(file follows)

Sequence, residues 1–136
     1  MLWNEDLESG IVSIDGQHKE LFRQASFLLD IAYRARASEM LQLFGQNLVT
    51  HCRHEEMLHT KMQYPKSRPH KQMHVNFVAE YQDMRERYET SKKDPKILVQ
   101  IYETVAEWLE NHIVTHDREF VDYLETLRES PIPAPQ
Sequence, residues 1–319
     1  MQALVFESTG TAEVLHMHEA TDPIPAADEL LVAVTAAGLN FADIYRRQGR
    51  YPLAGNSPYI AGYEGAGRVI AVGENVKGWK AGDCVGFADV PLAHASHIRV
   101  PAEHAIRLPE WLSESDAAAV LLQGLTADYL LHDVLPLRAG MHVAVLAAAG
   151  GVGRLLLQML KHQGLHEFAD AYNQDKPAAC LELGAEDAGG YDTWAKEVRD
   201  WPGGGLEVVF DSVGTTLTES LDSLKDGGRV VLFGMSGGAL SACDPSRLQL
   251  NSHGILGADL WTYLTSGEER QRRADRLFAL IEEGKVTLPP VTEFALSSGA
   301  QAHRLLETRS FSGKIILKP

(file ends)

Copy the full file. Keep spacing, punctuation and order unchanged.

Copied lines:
Sequence, residues 1–136
     1  MLWNEDLESG IVSIDGQHKE LFRQASFLLD IAYRARASEM LQLFGQNLVT
    51  HCRHEEMLHT KMQYPKSRPH KQMHVNFVAE YQDMRERYET SKKDPKILVQ
   101  IYETVAEWLE NHIVTHDREF VDYLETLRES PIPAPQ
Sequence, residues 1–319
     1  MQALVFESTG TAEVLHMHEA TDPIPAADEL LVAVTAAGLN FADIYRRQGR
    51  YPLAGNSPYI AGYEGAGRVI AVGENVKGWK AGDCVGFADV PLAHASHIRV
   101  PAEHAIRLPE WLSESDAAAV LLQGLTADYL LHDVLPLRAG MHVAVLAAAG
   151  GVGRLLLQML KHQGLHEFAD AYNQDKPAAC LELGAEDAGG YDTWAKEVRD
   201  WPGGGLEVVF DSVGTTLTES LDSLKDGGRV VLFGMSGGAL SACDPSRLQL
   251  NSHGILGADL WTYLTSGEER QRRADRLFAL IEEGKVTLPP VTEFALSSGA
   301  QAHRLLETRS FSGKIILKP